In January 2018, Hylas and the Nymphs by JW Waterhouse was temporarily removed as part of a gallery takeover by gallery staff, users and artists. This was part of a project with artist Sonia Boyce and also was part of the making of an artwork, Six Acts, showing in Boyce’s exhibition until 22 July. The painting was replaced by a series of questions to open debate about issues of gender, race and sexuality representation and ask questions about who decides what is shown and what stories are told in a public gallery.
This is the first in a series of free public events in response to the huge debate this action stimulated.
Artists, curators and the public: who decides what goes on display?
Dr David Dib...osa, Curating and Collections course leader at Chelsea College of Art and Black Artists and Modernism researcher, writer and curator Ellen Mara De Wachter, and members of the Manchester Art Gallery team present their thoughts on the inherited problems that exist in gallery collections and displays and discuss who might get to decide how gallery exhibitions might be made differently.
Please note this event will be live-streamed and recorded.
David Dibosa trained as a curator after receiving his first degree from Girton College, University of Cambridge. He was awarded his PhD in Art History from Goldsmiths College, University of London. During the 1990s, he curated public art projects. He is currently Course Leader for MA Curating and Collections at Chelsea College of Arts. He is also a Researcher in University of the Arts London's Research Centre for Transnational Art, Identity and Nation (TrAIN). David has research interests in spectatorship, exhibitions, museums and curating, migration cultures and is part of Black Artists and Modernism (BAM), a three-year research project led by University of the Arts London (UAL) in partnership with Middlesex University, funded by the Arts and Humanities Research Council (AHRC). BAM will investigate the artworks of Black-British artists and the works’ relationship to modernism.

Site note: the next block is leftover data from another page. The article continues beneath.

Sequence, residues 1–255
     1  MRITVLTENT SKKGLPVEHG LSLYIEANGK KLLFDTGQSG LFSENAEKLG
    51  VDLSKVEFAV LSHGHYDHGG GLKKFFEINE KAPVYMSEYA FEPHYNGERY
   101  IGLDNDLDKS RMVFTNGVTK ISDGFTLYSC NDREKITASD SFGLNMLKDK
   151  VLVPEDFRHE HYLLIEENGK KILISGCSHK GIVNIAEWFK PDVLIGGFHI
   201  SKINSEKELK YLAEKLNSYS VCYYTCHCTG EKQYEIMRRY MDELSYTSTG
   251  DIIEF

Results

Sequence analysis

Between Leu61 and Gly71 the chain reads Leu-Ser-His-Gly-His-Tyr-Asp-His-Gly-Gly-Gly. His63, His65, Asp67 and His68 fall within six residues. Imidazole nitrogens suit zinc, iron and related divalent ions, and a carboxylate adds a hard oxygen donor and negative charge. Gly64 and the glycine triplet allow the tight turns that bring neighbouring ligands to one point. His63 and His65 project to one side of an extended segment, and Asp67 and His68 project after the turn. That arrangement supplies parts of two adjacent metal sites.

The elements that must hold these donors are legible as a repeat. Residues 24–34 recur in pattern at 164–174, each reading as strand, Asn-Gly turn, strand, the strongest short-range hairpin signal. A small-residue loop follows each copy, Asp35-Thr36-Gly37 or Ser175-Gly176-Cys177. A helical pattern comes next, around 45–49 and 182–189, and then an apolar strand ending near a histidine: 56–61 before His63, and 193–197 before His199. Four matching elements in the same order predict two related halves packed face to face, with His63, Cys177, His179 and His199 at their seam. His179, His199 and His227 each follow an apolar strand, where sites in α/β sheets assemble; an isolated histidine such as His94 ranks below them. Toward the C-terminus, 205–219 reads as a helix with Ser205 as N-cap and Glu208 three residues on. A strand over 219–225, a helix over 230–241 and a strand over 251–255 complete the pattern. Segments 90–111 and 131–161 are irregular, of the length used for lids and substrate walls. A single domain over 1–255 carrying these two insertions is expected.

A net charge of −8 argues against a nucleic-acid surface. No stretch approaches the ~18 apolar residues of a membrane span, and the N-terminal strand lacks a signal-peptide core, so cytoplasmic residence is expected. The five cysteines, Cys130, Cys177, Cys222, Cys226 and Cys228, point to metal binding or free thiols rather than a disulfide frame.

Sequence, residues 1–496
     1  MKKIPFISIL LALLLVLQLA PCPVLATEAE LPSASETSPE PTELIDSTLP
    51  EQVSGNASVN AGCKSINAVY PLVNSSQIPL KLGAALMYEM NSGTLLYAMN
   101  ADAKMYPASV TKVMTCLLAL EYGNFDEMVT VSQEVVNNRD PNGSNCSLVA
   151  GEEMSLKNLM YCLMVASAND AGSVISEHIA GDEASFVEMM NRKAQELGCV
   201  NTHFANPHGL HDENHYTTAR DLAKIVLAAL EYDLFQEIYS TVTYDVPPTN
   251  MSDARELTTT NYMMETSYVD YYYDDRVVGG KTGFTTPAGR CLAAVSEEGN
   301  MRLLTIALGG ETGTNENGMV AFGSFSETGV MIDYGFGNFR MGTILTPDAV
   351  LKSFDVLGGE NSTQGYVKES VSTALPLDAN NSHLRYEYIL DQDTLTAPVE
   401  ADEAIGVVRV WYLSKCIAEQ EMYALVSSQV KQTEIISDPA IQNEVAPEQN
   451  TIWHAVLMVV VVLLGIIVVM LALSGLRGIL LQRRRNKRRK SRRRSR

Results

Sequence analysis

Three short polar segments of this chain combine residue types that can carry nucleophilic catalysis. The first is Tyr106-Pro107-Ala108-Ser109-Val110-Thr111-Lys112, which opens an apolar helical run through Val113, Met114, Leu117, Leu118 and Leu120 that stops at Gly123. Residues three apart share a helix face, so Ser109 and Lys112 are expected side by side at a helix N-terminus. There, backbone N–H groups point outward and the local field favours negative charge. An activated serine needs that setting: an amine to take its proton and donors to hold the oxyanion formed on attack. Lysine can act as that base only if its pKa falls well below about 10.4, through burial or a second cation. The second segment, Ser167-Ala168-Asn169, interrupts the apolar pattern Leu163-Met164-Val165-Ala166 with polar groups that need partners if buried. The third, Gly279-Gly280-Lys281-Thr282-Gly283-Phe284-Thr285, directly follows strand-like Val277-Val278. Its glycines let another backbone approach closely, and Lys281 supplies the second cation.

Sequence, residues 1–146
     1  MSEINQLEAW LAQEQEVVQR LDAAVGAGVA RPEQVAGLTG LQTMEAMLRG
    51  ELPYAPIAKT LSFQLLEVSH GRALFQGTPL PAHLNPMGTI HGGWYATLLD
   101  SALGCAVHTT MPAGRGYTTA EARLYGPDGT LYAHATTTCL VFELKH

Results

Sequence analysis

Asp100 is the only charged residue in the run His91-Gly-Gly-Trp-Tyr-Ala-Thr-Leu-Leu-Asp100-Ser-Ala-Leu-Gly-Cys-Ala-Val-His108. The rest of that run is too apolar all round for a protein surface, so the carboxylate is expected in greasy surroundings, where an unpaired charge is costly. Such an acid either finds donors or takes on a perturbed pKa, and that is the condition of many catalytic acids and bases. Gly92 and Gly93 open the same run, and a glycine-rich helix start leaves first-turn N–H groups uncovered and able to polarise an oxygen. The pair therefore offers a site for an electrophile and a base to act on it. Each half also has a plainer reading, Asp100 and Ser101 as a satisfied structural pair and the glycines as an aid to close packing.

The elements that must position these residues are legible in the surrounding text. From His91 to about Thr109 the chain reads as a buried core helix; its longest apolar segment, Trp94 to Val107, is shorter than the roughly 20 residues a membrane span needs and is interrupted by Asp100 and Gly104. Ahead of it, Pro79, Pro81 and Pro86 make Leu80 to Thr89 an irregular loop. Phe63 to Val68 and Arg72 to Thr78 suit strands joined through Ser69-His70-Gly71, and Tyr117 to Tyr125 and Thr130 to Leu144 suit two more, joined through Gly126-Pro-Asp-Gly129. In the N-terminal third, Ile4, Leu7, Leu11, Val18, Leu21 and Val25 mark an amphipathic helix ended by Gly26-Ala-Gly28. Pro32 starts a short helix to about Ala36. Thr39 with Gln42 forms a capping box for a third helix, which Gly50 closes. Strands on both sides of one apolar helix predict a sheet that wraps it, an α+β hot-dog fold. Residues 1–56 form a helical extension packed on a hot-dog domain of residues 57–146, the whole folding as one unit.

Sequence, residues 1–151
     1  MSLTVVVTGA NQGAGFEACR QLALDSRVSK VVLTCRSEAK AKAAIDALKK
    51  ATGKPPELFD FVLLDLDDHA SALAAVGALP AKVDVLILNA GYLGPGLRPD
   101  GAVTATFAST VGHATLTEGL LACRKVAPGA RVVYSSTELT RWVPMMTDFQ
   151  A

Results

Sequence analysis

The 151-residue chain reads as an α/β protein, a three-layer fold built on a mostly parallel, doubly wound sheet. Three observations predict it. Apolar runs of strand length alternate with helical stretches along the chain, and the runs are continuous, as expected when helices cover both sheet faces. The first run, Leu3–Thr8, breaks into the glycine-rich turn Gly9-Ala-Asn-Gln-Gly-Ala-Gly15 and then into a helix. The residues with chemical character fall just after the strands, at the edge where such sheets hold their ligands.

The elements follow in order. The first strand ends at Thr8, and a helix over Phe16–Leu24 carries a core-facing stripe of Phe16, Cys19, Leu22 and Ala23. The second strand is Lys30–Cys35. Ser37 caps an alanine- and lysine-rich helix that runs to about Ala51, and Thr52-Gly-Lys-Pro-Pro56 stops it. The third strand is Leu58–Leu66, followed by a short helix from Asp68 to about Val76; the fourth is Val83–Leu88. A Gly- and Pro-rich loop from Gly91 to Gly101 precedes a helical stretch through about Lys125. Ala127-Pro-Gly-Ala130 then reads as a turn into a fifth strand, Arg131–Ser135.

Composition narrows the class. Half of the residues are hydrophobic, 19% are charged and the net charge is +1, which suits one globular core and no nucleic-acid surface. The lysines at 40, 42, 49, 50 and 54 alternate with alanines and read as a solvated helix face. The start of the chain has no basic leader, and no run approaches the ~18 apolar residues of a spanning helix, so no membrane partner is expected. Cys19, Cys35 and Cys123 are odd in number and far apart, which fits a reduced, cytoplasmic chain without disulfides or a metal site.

Ellen Mara De Wachter is a writer and curator based in London. She is a frequent contributor to Frieze magazine, and her writing has featured in exhibition catalogues and publications such as Mousse, Art Monthly, Art Review, Flash Art International, Garage, Art Quarterly, Elephant, The Quietus, and on BBC Radio 4.
Her book ‘Co-Art: Artists on Creative Collaboration’, published by Phaidon, explores the phenomenon of collaboration in the visual arts and its potential in society at large.
De Wachter is a Visiting Lecturer in Sculpture at the Royal College of Art, and has taught at the Royal Academy Schools, Goldsmiths College, Brighton University, Newcastle University among other places.
In 2013-15 she was Curator of Public Collection Development at the Contemporary Art Society, where she was responsible for CAS’s acquisitions scheme for museums across the UK. Prior to that, she worked at various arts organisations in London, including the Barbican Art Gallery and the British Museum.
Her recent Frieze article on galleries and activism references our recent project with Sonia Boyce: frieze.com/article/after-nymphs-painting-backlash-curatorial-activism-right-or-obligation